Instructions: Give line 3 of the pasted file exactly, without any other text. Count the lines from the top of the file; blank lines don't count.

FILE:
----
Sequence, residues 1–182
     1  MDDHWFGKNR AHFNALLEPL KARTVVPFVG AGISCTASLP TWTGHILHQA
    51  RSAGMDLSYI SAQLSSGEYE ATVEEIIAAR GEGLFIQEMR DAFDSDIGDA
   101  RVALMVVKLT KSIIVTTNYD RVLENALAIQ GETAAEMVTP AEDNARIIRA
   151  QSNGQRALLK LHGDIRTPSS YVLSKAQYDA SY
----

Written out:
    51  RSAGMDLSYI SAQLSSGEYE ATVEEIIAAR GEGLFIQEMR DAFDSDIGDA